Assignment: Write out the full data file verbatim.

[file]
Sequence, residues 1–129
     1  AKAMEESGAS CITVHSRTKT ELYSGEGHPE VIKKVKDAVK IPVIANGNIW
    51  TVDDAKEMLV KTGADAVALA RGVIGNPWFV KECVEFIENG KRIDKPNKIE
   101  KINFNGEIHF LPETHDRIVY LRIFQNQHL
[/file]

Sequence, residues 1–129
     1  AKAMEESGAS CITVHSRTKT ELYSGEGHPE VIKKVKDAVK IPVIANGNIW
    51  TVDDAKEMLV KTGADAVALA RGVIGNPWFV KECVEFIENG KRIDKPNKIE
   101  KINFNGEIHF LPETHDRIVY LRIFQNQHL